Report finds health discrepancies across racial and ethnic groups in Kentucky
A new report shows that there are health discrepancies across racial and ethnic groups in Kentucky.
According to a report released on Tuesday by the Foundation for a Healthy Kentucky, white Kentuckians are less likely to forgo medical care due to cost and more likely to have a personal doctor compared to other racial or ethnic groups.
The report also found that black and Hispanic Kentuckians are less likely to have health insurance than white Kentuckians.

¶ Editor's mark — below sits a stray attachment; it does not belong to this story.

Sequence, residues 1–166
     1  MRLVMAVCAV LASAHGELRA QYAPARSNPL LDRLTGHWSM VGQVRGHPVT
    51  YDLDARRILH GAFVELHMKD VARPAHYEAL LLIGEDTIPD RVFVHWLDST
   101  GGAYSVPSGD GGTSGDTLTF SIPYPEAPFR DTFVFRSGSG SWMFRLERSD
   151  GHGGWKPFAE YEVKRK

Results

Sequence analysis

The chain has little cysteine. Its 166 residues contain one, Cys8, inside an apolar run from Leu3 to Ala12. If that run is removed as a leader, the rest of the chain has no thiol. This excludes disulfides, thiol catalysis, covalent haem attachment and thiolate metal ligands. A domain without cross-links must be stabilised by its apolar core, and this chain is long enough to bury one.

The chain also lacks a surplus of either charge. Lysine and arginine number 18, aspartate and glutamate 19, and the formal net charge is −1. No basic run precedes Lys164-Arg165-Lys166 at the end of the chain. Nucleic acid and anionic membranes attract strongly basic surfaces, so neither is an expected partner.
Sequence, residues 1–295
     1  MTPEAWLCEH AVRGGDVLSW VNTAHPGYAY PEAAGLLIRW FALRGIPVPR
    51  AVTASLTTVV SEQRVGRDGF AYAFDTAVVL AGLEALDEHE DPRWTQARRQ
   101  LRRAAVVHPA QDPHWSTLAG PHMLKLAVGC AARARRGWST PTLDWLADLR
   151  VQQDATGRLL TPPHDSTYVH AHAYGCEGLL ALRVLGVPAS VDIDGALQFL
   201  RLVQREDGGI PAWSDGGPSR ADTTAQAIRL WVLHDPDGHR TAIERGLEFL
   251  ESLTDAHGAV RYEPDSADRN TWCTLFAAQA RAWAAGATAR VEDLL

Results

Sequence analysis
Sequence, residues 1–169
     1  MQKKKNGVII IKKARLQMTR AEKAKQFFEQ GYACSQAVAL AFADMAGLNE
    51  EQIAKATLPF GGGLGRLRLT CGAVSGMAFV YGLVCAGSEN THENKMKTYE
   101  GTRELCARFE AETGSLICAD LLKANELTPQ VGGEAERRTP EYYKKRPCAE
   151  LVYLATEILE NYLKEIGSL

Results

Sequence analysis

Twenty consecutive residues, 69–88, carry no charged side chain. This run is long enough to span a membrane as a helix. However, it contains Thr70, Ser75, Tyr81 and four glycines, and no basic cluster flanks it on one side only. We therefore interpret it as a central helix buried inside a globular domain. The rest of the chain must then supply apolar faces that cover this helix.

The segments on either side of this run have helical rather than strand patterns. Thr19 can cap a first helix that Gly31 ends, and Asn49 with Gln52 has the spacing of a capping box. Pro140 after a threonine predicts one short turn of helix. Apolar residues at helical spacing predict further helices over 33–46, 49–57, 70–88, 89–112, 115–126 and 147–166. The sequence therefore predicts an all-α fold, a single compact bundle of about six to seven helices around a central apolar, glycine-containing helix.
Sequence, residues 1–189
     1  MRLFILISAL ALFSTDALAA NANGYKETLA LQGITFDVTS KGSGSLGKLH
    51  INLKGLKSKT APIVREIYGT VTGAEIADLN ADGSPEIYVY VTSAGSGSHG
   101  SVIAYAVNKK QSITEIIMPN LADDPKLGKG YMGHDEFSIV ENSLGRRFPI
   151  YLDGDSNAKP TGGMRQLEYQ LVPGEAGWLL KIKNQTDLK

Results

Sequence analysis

"This report helps us see how race and ethnicity make a difference in how healthy you are, just as previous Foundation reports have shown that where you live and your education and income levels affect your health status," said Susan Zepeda, president and CEO of the Foundation for a Healthy Kentucky.
The report did have some good news. Eighty percent of Kentuckians reported having a personal doctors, that is higher than the national average of 77%. Kentuckians are also less likely to engage in binge drinking with 15% overall compared to 17% nationally.
To see the full report, click here.